WIPO Arbitration and Mediation Center
ADMINISTRATIVE PANEL DECISION
Bridgestone Brands, LLC v. Inc. Services
Case No. D2017-0957
1. The Parties
Complainant is Bridgestone Brands, LLC of Nashville, Tennessee, United States of America ("U.S."), represented by Finnegan, Henderson, Farabow, Garrett & Dunner, L.L.P., U.S..
Respondent is Inc. Services of Akron, Ohio, U.S.
2. The Domain Name and Registrar
The disputed domain name <firestone.feedback> (the "Domain Name") is registered with TLD Registrar Solutions Ltd. (the "Registrar").
3. Procedural History
The Complaint was filed with the WIPO Arbitration and Mediation Center (the "Center") on May 12, 2017. On the same date, the Center transmitted by email to the Registrar a request for registrar verification in connection with the Domain Name. On May 15, 2017, the Registrar transmitted by email to the Center its verification response confirming that Respondent is listed as the registrant and providing the contact details.
The Center verified that the Complaint satisfied the formal requirements of the Uniform Domain Name Dispute Resolution Policy (the "Policy" or "UDRP"), the Rules for Uniform Domain Name Dispute Resolution Policy (the "Rules"), and the WIPO Supplemental Rules for Uniform Domain Name Dispute Resolution Policy (the "Supplemental Rules").
In accordance with the Rules, paragraphs 2 and 4, the Center formally notified Respondent of the Complaint, and the proceedings commenced on May 22, 2017. In accordance with the Rules, paragraph 5, the due date for Response was June 11, 2017. Respondent did not submit a response. Accordingly, the Center notified Respondent's default on June 12, 2017.
The Center appointed Christopher S. Gibson as the sole panelist in this matter on June 20, 2017. The Panel finds that it was properly constituted. The Panel has submitted the Statement of Acceptance and Declaration of Impartiality and Independence, as required by the Center to ensure compliance with the Rules, paragraph 7.
4. Factual Background
Complainant and its predecessors in interest, related companies, and licensees have used the FIRESTONE trademark and name for over a century, dating from 1903 when The Firestone Tire and Rubber Company produced its first tire. By 1906, sales passed the million-dollar mark and in that same year, Complainant delivered 2,000 sets of tires to the Ford Motor Company – the largest order for tires placed by the auto industry at the time – starting a business partnership that lasted for decades. In 1911, the first Indianapolis 500 car race was won on a set of FIRESTONE tires. By 1948, 25 consecutive Indianapolis 500 races had been won on FIRESTONE tires, and Complainant has maintained its visibility in the Indianapolis 500 over the years, providing tires for the winning car in over 50 races between 1911 and 2016.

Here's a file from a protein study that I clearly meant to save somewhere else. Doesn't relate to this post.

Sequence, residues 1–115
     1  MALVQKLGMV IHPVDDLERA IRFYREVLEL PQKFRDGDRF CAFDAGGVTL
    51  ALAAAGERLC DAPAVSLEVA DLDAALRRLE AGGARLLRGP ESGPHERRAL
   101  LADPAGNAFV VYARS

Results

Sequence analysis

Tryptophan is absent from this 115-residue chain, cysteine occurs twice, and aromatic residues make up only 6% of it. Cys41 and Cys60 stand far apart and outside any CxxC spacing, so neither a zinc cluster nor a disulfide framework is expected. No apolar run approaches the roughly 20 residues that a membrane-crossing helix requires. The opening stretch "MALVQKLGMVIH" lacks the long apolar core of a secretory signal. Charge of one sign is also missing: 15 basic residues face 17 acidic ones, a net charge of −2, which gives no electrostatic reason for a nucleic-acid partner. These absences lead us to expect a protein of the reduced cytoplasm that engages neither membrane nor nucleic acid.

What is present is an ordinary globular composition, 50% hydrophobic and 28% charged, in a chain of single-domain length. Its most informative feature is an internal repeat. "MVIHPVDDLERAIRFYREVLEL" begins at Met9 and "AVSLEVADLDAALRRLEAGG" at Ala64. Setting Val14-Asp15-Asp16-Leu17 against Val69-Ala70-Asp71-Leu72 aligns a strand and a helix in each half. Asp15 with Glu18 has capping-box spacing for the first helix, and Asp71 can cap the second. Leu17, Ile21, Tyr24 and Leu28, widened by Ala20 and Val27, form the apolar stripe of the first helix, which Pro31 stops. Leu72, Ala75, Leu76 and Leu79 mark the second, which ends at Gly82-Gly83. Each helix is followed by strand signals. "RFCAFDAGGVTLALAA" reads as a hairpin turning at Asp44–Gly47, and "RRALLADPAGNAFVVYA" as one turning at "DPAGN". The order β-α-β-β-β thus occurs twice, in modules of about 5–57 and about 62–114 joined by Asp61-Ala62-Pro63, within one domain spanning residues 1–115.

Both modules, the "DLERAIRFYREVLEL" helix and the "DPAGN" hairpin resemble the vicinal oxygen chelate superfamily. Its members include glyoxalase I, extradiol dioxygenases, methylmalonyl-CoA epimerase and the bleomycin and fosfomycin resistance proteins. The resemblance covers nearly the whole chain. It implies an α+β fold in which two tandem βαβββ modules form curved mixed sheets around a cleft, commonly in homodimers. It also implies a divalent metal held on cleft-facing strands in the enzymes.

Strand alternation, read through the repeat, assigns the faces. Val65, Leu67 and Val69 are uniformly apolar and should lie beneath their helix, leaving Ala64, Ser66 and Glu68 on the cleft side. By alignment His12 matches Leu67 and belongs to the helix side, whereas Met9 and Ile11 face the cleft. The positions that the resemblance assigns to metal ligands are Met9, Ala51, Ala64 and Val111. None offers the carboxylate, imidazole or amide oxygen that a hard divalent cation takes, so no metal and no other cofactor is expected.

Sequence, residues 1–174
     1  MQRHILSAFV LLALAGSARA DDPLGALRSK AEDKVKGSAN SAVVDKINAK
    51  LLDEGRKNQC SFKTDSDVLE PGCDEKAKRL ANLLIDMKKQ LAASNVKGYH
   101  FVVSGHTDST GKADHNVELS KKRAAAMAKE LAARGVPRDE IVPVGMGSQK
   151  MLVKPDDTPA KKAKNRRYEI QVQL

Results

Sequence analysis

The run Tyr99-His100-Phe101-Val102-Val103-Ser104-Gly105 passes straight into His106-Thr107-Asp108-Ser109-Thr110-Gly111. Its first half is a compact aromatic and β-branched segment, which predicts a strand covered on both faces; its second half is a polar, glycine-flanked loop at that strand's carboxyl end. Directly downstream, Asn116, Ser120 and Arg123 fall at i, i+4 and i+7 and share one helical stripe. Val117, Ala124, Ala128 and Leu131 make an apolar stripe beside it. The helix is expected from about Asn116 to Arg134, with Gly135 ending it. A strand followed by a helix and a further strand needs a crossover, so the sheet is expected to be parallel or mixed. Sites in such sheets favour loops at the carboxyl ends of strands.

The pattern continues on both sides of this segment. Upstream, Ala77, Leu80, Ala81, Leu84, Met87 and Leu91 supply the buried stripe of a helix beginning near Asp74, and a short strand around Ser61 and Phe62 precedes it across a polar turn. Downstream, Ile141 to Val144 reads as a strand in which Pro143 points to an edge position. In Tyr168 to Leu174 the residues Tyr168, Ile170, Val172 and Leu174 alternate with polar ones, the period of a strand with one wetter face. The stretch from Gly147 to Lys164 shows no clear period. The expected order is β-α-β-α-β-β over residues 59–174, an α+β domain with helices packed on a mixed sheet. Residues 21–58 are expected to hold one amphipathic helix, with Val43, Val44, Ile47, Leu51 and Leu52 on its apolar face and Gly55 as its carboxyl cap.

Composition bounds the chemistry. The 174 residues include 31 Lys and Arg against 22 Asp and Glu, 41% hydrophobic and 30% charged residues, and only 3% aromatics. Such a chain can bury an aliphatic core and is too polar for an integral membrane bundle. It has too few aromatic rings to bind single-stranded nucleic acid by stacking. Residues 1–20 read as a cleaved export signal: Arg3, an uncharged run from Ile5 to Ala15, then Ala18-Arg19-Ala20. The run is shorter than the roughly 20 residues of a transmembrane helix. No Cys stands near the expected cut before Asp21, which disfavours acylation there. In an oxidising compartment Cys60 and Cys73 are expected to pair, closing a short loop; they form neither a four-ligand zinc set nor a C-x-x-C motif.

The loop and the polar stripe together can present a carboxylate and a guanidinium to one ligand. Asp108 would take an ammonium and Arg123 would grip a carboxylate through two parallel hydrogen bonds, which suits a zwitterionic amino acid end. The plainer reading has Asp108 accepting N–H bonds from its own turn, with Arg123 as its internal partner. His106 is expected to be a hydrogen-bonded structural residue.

Over the course of the 20th century, The Firestone Tire and Rubber Company continued to expand its FIRESTONE branded product offerings, grow in size, and enjoy commercial success. In 1930, the first commercially-sponsored musical program on radio, THE VOICE OF FIRESTONE, hit the air and lasted for 35 years. The year 1943 saw the premiere of FIRESTONE TELEVUES, a regularly presented television program. By 1950, The Firestone Tire and Rubber Company had grown into a worldwide organization employing more than 70,000 people. By 1955, it had become the world's largest rubber producer. By 1975, the company had grown into a multi-billion dollar, diversified, international manufacturing and merchandising enterprise, with operations in 28 countries and six continents. In 1988, The Firestone Tire and Rubber Company entered into a joint tire manufacturing venture with Bridgestone Corporation and, one year later, merged into a single company.
Today, Complainant and its related companies and licensees develop, manufacture, and market FIRESTONE branded tires for virtually every type of land vehicle, including tires for passenger, light truck, commercial truck and bus, agriculture, and off-the-road vehicles. Complainant's tires have one of the largest market shares for passenger vehicles and have been offered as original equipment on some of the world's top-selling cars and trucks, including those made by BMW, Toyota, Nissan, General Motors, Chrysler, Daimler (Mercedes-Benz), Mazda, Subaru, and others.
In addition to tires, Complainant and its related companies have offered retail store services under the FIRESTONE mark since 1926. Through its related company, Bridgestone Retail Operations, over 1,700 Firestone Complete Auto Care retail stores provide a full assortment of tires and automobile maintenance and repair services nationwide. Complainant's tires are sold through approximately 2,200 company-owned stores and 10,000 independent wholesalers and retailers throughout the country—ranging from retailers such as WAL-MART and SEARS to independent tire dealers.
Complainant and its related companies and licensees spend tens of millions of dollars annually advertising, marketing, and promoting the FIRESTONE mark through every type of digital, broadcast, and print media, including print advertisements (e.g., magazines and newspapers), television and radio commercials, Internet advertising, social media, billboards, brochures, catalogs, point-of-sale displays, sponsorships, trade shows, and promotional items. The FIRESTONE mark has also been promoted online through various company websites, popular social-networking websites (including Facebook, Twitter, and YouTube) and advertising on third-party websites. As a result of the distinctive nature of the FIRESTONE mark, its long-standing and widespread use, plus advertising, publicity, and promotion; and billions of dollars of sales, the FIRESTONE mark is well known and famous.